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Critical Care |

Extracorporeal Membrane Oxygenation in Obstructive Lung Diseases Refractory to Conventional Therapy

Tejaswini Kulkarni, MD; Krittika Teerapuncharoen, MD; Nirmal Sharma, MD; Keith Wille, MD; Enrique Diaz-Guzman, MD
Author and Funding Information

University of Alabama Birmingham, Birmingham, AL


Chest. 2015;148(4_MeetingAbstracts):323A. doi:10.1378/chest.2280697
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Abstract

SESSION TITLE: Novel Assessment and Treatments for Respiratory Failure

SESSION TYPE: Original Investigation Slide

PRESENTED ON: Tuesday, October 27, 2015 at 11:00 AM - 12:15 PM

PURPOSE: Approximately 7% of patients with status asthmaticus (SA) and 11% of patients with chronic obstructive pulmonary disease exacerbations (AECOPD) die each year despite maximal conventional therapy and mechanical ventilator (MV) support. The use of extracorporeal membrane oxygenation (ECMO) in patients with obstructive lung diseases is uncommon. Our objective was to review the characteristics and outcomes in patients on ECMO for SA and AECOPD in comparison to other causes of respiratory failure.

METHODS: We conducted a retrospective cohort study using the international Extracorporeal Life Support Organization registry and included all adult (≥18 years of age) cases between January 1988 and December 2014 in our analysis. Primary outcome was survival to hospital discharge. Student’s t-test was used to compare continuous variable and chi-squared statistic was used to compare categorical variables. Multivariable logistic regression was performed to determine the odds of survival on ECMO while adjusting for potential confounding.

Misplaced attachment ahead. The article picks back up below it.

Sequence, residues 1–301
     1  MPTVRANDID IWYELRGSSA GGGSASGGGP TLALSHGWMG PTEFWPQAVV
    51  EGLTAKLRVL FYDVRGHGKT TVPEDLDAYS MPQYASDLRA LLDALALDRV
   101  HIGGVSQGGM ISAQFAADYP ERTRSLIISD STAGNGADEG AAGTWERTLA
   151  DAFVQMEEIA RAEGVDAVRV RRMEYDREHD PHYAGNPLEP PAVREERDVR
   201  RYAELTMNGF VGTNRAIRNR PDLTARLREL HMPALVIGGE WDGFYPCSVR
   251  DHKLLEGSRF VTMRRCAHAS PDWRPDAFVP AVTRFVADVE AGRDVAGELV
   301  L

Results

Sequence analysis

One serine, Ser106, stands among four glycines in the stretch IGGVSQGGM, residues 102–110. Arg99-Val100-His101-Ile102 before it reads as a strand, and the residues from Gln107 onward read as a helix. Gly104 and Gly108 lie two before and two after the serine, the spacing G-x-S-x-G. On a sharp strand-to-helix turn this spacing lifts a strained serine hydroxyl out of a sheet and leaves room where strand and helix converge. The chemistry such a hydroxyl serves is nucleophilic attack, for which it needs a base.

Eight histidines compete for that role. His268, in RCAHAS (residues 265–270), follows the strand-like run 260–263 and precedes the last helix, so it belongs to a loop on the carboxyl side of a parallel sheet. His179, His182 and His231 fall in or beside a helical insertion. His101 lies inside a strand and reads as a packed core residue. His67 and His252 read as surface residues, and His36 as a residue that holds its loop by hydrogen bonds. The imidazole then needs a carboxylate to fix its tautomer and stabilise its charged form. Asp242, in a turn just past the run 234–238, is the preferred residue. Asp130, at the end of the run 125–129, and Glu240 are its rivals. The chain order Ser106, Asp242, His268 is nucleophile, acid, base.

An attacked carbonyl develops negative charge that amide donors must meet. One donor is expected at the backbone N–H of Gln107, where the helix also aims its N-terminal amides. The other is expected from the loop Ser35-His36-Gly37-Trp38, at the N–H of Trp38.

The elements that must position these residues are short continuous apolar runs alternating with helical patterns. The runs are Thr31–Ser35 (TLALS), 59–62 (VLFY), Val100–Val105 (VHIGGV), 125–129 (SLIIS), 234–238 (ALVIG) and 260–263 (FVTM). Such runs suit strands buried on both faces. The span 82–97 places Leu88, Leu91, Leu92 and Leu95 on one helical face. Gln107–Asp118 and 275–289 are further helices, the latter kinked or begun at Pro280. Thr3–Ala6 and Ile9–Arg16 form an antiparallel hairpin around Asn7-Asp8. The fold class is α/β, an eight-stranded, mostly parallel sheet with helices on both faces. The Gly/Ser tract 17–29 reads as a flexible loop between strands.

RESULTS: 456 adult respiratory failure ECMO cases were reported to the ECLS registry and survival to hospital discharge was 61.6% for these patients. SA and AECOPD was the primary indication in 129 cases, they were younger (mean age 39.2 vs 50.4 years, p<0.0001) with no difference in gender (males 43.4% vs 49.54%, p=0.23) or race (Caucasian 60.47% vs 68.8%, p=0.09) when compared to patients on ECMO for other causes of respiratory failure. They were more acidotic at initiation of ECMO (7.10 vs 7.23, p=0.01) but had lower oxygen requirement (FiO2 0.81 vs 0.92, p<0.001) and shorter duration on ECMO (110.8 vs 184.9 days, p= 0.002). Veno-venous ECMO was used more frequently in patients with SA and AECOPD (82.35% vs 56.92%, p=0.0003). On multivariate analysis, patients with SA and AECOPD had a higher survival to hospital discharge (OR 1.98, CI 1.04 - 3.77,p=0.03) compared to patients on ECMO for other causes of respiratory failure, while adjusting for age, race, gender, oxygen requirement and hours of ECMO.

CONCLUSIONS: In conclusion, our review of the ELSO registry suggests that ECMO may be beneficial in adult patients with life-threatening SA and AECOPD refractory to maximal pharmacological therapy and MV. Further studies are needed to determine if ECMO use can reduce morbidity or mortality in these patients.

CLINICAL IMPLICATIONS: ECMO may be useful in patients with refractory SA or AECOPD on MV for providing adequate gas change and improving survival.

DISCLOSURE: The following authors have nothing to disclose: Tejaswini Kulkarni, Krittika Teerapuncharoen, Nirmal Sharma, Keith Wille, Enrique Diaz-Guzman

No Product/Research Disclosure Information


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